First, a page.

I won’t mind being called a Congress dalal (sycophant) for the kind of position I have taken here.
I am willing to ignore the moral hazard argument, which is generally offered when something like a blanket debt waiver is announced. It says that in addition to the worthy ones, many more supposedly undeserving ones get their loans written off, which adversely impacts general credit culture. It unfairly rewards the delinquents and punishes all those who pay back in time.
Then there are those who say that a vast majority of small and marginal farmers have very limited access to the institutional credit. Since the loan waiver applies only to institutional credit, the needy ones are deprived of the benefits altogether.
Cost of Loan Waiver & Other Arguments
We all know that the cost of loan waiver is going to be quite hefty, and the benefits not in the same proportion. I have written extensively on the subject and the most recent one lists reasons why a loan waiver is not the most effective way to provide relief to farmers in distress.
I had quoted from a World Bank report which said, among other things, that “the credit availability of indebted farmers came down sharply following the rollout of the scheme… the program had no positive impact on productivity, consumption or labour market outcomes, but led to significant moral hazard in loan repayment.”
Loan waiver, therefore, is a kind of double whammy for a majority of farmers.
The sane ones also argue that the finances of state governments going for such amnesty schemes get a hard knock, and developmental works suffer as a result. Fiscal deficits of state governments go up, and that is terrible news.
I concede that all of these are valid arguments and more weightage ought to be given to them while evaluating policies that can have such far-reaching consequences. We should, therefore, have been alarmed at the way state governments have been casually going about the task.
Other than the three Congress-ruled states, two more have followed suit and many others are evaluating options to come up with their own versions of loan waivers. And in most cases, without doing any due diligence and sans any cost-benefit analysis.
It looks like an abhorrent herd mentality impacting policy decisions. Is it?
I have my disagreement with this line. Logical reasoning becomes the most obvious casualty in turbulent times and you perhaps need to be as unreasonable to shift the goalposts. This is what Rahul Gandhi seems to be doing, and to good effect.
The Low Level of Public Discourse
Look at the kind of issues that have been force-fed to us, day after day through endless debates on prime-time television shows. Deciphering the caste of Lord Hanuman is one such issue. What a perversion! The devout Hindu in me takes great offence to any effort to compartmentalise our revered gods.
Being a bhakt myself who loves to recite Hanuman Chalisa on most auspicious occasions, how can anyone project Him as anything but omniscient, omnipresent and omnipotent? How can He be projected as part of the pernicious caste system? How can our senses allow prime-time debates on something as silly as this?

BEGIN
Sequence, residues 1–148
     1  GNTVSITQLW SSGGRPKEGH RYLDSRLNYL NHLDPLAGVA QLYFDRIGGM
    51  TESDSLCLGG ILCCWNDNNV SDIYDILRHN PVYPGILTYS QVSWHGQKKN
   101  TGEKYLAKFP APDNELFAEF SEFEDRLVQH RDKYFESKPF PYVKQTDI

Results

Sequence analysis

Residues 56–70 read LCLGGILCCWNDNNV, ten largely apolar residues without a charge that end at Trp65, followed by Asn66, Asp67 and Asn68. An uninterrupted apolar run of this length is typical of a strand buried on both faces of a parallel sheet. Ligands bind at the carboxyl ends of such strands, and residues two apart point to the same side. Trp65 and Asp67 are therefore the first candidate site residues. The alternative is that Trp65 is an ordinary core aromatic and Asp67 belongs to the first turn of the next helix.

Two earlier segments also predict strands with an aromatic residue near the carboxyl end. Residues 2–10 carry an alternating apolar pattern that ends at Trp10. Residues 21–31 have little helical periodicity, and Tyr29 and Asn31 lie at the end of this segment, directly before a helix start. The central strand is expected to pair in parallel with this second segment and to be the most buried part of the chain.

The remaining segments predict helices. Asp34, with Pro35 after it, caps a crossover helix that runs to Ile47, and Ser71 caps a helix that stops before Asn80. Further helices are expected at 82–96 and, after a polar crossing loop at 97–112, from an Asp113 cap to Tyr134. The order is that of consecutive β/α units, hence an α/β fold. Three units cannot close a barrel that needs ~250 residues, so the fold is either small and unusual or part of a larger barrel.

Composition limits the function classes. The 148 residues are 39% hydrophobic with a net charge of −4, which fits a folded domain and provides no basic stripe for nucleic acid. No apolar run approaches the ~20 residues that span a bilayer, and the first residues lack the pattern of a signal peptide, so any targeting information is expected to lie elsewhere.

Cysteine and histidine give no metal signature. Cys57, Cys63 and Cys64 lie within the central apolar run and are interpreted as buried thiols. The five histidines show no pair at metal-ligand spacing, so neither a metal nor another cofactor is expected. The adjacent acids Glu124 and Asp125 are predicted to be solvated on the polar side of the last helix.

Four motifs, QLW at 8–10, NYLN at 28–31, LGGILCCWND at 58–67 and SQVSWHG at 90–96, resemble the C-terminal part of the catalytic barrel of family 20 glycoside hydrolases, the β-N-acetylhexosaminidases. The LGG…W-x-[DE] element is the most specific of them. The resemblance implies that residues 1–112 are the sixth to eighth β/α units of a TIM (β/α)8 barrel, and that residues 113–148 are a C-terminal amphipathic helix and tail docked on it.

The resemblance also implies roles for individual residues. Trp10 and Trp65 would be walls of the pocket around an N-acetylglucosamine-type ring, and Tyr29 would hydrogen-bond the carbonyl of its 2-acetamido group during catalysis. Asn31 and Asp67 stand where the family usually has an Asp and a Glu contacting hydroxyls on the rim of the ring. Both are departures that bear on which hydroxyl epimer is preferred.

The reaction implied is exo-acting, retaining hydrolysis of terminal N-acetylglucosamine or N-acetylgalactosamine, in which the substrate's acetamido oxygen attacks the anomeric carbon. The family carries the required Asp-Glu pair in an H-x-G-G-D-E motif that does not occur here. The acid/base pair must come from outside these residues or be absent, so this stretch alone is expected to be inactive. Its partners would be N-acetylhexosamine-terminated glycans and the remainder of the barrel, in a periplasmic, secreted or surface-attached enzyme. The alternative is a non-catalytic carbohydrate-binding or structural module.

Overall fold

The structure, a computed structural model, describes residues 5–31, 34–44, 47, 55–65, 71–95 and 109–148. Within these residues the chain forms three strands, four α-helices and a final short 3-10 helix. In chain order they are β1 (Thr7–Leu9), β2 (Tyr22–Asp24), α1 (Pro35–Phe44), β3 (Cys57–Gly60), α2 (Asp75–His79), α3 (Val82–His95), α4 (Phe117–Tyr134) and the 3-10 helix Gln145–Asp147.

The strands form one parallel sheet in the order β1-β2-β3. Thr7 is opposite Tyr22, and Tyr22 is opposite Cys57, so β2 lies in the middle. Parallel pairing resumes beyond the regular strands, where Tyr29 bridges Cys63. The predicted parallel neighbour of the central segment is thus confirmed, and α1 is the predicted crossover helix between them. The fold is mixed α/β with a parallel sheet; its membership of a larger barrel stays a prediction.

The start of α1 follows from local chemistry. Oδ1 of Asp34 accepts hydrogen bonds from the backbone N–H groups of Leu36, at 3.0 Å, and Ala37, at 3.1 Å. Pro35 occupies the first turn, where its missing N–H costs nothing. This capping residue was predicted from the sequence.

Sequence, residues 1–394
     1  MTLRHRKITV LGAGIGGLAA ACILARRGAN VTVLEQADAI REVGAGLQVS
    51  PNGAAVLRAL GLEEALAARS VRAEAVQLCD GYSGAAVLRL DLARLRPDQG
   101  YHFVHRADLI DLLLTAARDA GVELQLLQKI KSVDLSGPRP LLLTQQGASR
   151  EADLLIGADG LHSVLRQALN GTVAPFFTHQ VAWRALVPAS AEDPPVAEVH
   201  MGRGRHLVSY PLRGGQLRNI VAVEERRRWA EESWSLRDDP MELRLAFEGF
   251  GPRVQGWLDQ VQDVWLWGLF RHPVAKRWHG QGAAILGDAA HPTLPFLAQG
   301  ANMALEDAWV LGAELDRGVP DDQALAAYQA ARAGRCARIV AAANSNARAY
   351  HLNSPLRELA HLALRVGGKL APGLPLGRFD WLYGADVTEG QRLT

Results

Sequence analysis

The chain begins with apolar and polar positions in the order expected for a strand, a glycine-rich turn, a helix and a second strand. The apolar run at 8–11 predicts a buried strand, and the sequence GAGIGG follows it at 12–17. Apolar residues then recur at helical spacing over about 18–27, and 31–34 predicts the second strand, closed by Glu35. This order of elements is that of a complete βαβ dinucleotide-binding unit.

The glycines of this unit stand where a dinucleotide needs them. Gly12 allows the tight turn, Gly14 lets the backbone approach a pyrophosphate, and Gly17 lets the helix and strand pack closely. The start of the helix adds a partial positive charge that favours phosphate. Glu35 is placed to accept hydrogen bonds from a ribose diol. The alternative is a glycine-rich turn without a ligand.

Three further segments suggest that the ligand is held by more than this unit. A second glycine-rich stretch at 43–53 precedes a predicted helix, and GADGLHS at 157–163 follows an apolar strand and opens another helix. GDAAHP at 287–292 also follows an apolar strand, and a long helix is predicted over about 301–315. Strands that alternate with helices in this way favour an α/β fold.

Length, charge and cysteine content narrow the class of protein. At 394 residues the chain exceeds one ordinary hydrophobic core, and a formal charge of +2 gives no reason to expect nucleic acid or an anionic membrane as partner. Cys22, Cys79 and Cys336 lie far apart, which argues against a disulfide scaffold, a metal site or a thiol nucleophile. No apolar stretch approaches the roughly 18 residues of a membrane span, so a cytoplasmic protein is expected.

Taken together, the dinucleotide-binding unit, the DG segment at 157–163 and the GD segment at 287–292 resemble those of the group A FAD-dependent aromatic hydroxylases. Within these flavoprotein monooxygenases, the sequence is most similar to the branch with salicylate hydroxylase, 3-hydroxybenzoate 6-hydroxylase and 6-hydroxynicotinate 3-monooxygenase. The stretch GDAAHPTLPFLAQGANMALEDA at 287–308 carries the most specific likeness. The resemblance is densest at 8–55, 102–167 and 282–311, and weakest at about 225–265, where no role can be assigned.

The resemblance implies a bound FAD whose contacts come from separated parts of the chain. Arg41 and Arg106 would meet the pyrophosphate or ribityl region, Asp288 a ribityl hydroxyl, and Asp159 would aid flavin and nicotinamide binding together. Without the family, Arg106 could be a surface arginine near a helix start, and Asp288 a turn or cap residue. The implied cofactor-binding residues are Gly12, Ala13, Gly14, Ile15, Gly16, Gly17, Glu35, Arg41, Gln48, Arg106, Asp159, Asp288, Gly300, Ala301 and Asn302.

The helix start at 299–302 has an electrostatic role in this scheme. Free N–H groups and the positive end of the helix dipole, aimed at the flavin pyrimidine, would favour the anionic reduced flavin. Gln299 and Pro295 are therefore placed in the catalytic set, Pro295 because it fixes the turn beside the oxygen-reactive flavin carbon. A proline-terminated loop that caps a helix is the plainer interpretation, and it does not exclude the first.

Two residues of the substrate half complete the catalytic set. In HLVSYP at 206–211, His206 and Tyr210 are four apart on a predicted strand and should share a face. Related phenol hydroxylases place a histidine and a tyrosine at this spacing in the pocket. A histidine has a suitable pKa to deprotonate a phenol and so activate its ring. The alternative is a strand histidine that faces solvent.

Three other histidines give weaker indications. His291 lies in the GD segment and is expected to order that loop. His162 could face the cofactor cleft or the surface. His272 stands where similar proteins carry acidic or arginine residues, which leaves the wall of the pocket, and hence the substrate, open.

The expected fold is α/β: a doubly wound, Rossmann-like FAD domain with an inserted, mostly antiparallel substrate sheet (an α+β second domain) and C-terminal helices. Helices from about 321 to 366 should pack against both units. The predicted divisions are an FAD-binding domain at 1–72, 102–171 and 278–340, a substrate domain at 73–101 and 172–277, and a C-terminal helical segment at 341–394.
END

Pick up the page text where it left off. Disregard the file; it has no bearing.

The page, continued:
Then look at the raging debate on ‘mob mentality is right as long as it is for a right cause’. Can anything be as absurd as this? Sanction for mob mentality as long as it suits someone’s divisive worldview? You look at the religion of the person who questions the depravity of mob behaviour and pass judgement accordingly?
Today it is Naseeruddin Shah, tomorrow it could be anyone else. There is a vertical split down the middle, supporting this or the other side of the divide. And we have been reduced to passive recipients of toxic debates all around.
Then there’s the build-up to subvert all constitutional norms and have a temple in place ahead of elections. How can we, the people, allow the subversion of something we have pledged to ourselves, just because it supposedly suits the electoral needs of a group?
A temple now at any cost, or a temple perhaps after the completion of due process and after taking all stakeholders on board? The choice is very simple for the vast majority of us... but not for a section that is bent on milking our gods for petty political gains.
Rahul Gandhi Has Changed the Direction of Public Debate
Given the backdrop of toxic air we have been exposed to, Congress President Rahul Gandhi’s steadfast espousal of a loan waiver has been a welcome departure. We know there is a cost involved. But is there any price too much to get rid of toxicity all around or that at least has the potential to reduce the level of venomous outpouring?
Following Rahul’s move, we have been forced to discuss farm income, rural wages, remunerative prices, structural problems facing the agriculture sector, state governments’ finances, banks’ non-performing assets (NPA), priority sector lending, health of the rural economy and moral hazards associated with blanket amnesty schemes – there is now pressure on governments to give an account of the deliverables.
While the toxicity has not disappeared entirely, there is a real chance that issues concerning all of us can dominate our public discourse.
It is such a welcome shift in discourse ahead of the all-important general elections a few months down the line – should we not thank Rahul Gandhi for that?